How to Draw from Your 401k to Make a Home Down Payment
A substantial down payment is usually beneficial for the average home buyer. Not only does it reduce the principal of the loan and thereby lower monthly payments, but it can also help a homeowner avoid having to pay for Private Mortgage Insurance (PMI). However, not everyone has the recommended 20% of the price of a home sitting in their savings account. That's why some people will take funds from their 401k in order to pay for their home. How does a potential home buyer draw down a 401k to make a down payment on a home?
How It Works
There are typically two different ways, through a loan or hardship withdrawal, that a home buyer can take funds from their 401k:
- Loan: This option is essentially the equivalent of taking a loan from yourself. A Green Valley home buyer can take up to half the funds in their account, up to $50,000 as a non-taxable event. They can then set themselves up on a payment plan to pay the funds back. Loan payment schedules cannot last longer than five years, so buyers should calculate and budget their payments prior to taking out the money.
- Hardship: The IRS offers people a way to take money from their 401k if they fall on difficult times. It is not generally recommended for home buyers because it's fully taxable and can result in a 10% penalty if the holder is under 59.5 years old.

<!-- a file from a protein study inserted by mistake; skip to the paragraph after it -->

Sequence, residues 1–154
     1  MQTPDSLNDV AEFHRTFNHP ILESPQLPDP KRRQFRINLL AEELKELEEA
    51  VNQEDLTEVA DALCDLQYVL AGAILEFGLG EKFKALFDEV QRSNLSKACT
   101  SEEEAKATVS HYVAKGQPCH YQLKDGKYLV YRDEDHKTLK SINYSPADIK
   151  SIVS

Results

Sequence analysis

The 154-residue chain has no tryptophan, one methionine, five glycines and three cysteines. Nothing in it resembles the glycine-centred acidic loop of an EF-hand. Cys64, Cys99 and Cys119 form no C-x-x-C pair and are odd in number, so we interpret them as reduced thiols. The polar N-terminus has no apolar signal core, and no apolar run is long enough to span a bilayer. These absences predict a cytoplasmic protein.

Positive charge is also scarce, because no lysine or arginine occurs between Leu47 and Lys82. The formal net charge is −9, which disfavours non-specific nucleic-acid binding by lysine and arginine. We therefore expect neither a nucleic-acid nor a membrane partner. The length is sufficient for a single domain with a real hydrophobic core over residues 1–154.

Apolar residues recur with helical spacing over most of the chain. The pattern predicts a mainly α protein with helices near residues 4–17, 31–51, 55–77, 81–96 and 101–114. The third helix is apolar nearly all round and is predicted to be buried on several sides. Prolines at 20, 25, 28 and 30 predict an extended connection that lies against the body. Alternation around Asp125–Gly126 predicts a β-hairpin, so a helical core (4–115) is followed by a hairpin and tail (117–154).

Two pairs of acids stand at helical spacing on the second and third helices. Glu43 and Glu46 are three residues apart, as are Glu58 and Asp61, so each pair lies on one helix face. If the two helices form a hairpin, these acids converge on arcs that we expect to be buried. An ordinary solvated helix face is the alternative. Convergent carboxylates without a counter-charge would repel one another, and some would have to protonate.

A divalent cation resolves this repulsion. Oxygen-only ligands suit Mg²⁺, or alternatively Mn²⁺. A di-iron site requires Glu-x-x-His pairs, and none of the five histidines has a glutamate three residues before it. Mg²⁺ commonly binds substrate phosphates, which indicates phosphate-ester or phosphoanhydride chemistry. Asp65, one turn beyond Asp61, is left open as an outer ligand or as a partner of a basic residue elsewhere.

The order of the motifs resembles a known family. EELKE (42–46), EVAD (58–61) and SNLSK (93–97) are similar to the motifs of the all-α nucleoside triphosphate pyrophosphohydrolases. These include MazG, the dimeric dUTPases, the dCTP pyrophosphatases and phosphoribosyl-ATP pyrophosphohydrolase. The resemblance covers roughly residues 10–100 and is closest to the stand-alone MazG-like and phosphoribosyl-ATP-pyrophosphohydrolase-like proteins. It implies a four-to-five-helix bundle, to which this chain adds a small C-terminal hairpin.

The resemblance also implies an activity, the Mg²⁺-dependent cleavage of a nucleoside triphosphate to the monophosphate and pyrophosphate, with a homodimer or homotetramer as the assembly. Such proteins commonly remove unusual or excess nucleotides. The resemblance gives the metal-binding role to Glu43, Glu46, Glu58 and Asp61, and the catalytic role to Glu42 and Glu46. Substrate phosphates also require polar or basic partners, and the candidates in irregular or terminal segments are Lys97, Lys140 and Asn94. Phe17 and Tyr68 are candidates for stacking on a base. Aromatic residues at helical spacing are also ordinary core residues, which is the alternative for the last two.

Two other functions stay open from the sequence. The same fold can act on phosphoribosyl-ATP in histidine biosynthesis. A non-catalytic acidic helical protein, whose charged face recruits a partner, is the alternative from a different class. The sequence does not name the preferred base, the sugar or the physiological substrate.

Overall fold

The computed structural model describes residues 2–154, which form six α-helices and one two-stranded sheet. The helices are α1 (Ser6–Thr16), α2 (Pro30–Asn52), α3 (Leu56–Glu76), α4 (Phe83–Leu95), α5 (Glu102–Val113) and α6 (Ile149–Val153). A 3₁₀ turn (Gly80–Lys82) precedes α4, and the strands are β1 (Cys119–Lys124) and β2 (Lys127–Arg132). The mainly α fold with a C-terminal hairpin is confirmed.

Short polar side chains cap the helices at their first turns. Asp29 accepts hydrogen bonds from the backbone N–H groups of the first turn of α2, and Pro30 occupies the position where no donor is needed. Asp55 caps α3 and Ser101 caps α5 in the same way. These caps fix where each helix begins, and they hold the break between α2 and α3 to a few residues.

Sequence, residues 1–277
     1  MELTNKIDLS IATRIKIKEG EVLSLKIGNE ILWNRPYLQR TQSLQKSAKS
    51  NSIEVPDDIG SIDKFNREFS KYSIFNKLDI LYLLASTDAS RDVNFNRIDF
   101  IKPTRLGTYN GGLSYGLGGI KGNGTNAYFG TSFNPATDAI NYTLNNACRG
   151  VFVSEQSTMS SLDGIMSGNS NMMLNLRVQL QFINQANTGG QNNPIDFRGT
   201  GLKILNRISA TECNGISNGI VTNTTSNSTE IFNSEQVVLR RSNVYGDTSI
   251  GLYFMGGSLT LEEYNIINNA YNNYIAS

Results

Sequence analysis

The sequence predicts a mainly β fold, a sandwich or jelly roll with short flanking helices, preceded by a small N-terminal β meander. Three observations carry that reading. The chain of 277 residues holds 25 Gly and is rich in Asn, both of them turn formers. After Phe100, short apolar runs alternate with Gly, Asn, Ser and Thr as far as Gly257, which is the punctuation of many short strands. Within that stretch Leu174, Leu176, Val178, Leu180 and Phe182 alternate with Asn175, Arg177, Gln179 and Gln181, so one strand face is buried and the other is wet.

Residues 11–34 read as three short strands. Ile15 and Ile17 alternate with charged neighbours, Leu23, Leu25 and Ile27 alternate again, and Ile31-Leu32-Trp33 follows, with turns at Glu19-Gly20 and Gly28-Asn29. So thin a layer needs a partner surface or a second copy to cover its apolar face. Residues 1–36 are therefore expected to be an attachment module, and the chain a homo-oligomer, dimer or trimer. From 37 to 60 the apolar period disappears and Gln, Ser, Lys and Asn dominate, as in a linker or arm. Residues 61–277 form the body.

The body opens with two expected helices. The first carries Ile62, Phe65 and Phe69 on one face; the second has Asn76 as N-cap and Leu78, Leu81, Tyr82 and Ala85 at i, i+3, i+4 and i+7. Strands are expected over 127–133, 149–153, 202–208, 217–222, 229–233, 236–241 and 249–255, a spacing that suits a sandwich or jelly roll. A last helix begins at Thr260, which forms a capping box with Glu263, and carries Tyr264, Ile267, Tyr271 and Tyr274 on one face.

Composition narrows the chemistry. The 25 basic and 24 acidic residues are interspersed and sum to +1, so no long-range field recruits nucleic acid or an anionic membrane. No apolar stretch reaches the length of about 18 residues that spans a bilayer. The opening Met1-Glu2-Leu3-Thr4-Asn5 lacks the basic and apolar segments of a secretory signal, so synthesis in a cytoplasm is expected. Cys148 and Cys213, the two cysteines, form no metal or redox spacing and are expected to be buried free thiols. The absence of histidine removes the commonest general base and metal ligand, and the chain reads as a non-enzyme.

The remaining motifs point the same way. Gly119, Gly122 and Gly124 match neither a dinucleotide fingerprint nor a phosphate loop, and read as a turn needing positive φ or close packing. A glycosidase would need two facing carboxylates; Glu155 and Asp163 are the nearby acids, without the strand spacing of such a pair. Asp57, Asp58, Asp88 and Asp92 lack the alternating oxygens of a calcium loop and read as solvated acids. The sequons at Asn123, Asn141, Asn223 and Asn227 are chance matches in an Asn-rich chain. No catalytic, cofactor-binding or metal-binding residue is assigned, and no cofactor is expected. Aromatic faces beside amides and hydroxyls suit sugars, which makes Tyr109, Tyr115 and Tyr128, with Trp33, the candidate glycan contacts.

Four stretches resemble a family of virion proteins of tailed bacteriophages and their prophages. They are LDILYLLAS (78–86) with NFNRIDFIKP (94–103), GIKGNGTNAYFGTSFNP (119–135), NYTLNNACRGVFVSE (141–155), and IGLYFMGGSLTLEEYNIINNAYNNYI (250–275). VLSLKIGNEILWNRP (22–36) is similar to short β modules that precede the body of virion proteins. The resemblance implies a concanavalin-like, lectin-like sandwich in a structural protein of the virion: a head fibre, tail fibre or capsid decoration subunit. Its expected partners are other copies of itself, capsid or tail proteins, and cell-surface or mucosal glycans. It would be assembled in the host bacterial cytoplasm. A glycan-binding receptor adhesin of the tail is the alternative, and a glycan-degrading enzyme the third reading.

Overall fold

Hardship rules have to be directly related to the buying or construction of a new home, and the IRS may require buyers to present the sales contract, building permit, or good faith estimate before approving the withdrawal. Typically, this option would be reserved for those who need more than $50,000 from their 401k.
How to Decide
A person's 401k is extremely prudent for planning ahead, and there's a reason why experts say to leave it alone for as long as possible. However, the long-term savings of borrowing from a 401k can be worth the risk. PMI can add up to 1% of the total cost of the home for every year a home buyer needs it. Homeowners must pay PMI until they reach 20% equity in their home, which could take years. The higher an owner's loan to value ratio, the more money goes toward interest and insurance rather than reducing the cost of the principal. Borrowing a loan from a 401k means the majority of money is going back to you rather than to a private mortgage insurer or lender.
It's worth noting that a 401k loan has a few additional details home buyers should consider. For starters, the holder will need to pay back their loan with interest. Usually, it's the Prime Rate (i.e., the lowest allowable rate at which money can be borrowed) plus an additional 1%. And while the rate may be attractive, buyers need to pay their loan with money that's already been taxed. Buyers who miss a payment will be considered in default of the loan, which means the loan balance will become a part of a buyer's annual income. Once this happens, the balance will be taxed at the buyer's normal annual income tax rate.
Talking to a financial planner or a real estate expert is the best way to crunch the numbers and decide the best option. Home buyers may need to run the numbers in a number of different scenarios, and a professional can make it easier to come out ahead.